Pet Urgent Care Centers Growing Trend as Human Counterparts Exploding
The latest development in the world of urgent care centers doesn’t have anything to do with treating people at all. It appears the trend of these convenient walk in medical clinics has found its way into the world of our furry companions as a local vet in North Carolina announced they will be opening an urgent care center exclusively for pets, according to The Charlotte Observer.
Jim Dobies, veterinarian and owner of South Point Pet Hospital in Belmont, NC, saw what’s been happening in the human healthcare field and decided to apply it to his animal world.
“We knew it was time to rise and meet the growing need for quick, easy-access, after-hours care for pets that need comfort and relief,” Dobies said in a statement this week.
The walk in clinic will be named UrgentVet Pet Clinic and will treat only cats and dogs, at least for now. Just like the human counterparts the idea is to provide pet owners with a reliable alternative to conditions that don’t need hospitalization, but are pressing enough to not be conducive to waiting for a vet appointment, such as ear infections and minor wounds.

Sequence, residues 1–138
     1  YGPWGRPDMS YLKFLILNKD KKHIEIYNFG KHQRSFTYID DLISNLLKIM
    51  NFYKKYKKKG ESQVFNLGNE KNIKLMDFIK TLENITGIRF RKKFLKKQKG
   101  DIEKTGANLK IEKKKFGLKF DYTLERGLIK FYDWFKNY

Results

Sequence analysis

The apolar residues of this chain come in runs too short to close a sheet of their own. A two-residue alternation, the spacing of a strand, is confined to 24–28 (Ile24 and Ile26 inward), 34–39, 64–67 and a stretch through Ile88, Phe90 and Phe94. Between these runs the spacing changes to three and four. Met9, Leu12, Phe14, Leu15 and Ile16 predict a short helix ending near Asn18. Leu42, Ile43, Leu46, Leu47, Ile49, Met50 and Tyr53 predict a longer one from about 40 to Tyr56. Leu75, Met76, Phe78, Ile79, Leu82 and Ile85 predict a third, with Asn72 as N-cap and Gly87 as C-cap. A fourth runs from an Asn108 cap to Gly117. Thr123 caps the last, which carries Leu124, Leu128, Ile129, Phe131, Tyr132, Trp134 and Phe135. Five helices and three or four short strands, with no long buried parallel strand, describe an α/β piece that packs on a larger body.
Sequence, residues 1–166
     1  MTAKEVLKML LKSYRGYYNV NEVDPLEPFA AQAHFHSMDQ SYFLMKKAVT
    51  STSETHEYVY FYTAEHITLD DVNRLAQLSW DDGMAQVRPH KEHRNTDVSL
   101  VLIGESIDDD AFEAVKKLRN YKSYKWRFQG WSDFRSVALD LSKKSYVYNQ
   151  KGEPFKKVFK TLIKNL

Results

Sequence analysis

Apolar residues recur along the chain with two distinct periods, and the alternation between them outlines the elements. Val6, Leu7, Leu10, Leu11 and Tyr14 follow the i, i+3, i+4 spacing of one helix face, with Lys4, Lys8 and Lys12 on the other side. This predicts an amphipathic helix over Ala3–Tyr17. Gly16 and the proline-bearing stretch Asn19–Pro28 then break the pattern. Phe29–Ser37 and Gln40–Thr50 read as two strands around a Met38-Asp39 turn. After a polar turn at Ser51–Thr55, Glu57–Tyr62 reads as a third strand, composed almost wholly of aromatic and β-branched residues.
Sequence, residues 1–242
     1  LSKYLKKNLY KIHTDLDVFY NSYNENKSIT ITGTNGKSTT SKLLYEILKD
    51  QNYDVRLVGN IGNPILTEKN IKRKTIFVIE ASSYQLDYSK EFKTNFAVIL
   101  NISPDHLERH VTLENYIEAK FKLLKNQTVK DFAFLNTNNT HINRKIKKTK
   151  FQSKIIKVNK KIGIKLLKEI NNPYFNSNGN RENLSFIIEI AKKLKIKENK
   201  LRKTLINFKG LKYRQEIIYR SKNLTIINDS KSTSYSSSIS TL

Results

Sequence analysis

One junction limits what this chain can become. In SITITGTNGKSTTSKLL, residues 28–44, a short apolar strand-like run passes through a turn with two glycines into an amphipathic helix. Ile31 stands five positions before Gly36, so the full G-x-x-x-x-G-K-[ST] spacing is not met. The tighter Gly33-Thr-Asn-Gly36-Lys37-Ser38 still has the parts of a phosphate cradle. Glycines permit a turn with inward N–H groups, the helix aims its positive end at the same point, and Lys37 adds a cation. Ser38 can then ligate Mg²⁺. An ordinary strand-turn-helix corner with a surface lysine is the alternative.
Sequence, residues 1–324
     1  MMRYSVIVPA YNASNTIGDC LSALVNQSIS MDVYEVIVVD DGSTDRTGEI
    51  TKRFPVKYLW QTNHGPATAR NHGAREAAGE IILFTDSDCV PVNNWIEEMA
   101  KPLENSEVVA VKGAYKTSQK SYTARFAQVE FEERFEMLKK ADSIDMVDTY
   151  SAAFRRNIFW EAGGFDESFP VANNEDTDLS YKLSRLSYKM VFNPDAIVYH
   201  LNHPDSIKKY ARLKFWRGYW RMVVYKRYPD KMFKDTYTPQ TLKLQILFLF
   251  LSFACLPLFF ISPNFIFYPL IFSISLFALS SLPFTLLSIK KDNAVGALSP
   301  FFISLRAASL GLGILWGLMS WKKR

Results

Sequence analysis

The urgent care movement began in the United States in the 1970s, but has grown exponentially around the globe since then and now is permeating into the veterinarian industry as well. In the U.S. alone, there are approximately 6,800 urgent care centers, most of which are located in freestanding buildings and only treat people.
One of the reasons they’ve become so popular is for the very reasons Dobies believes his pet model will be successful. According to a study conducted by the Centers for Disease Control (CDC), almost half (48%) of adult ER patients, who were not sick enough to be admitted to the hospital, said they sought out health care at the ER because their physicians’ offices were closed.
It remains to be seen how much use these new type of pet urgent care centers will see, but it’s interesting to see the expansion of a new and exciting entity make its way into a new field.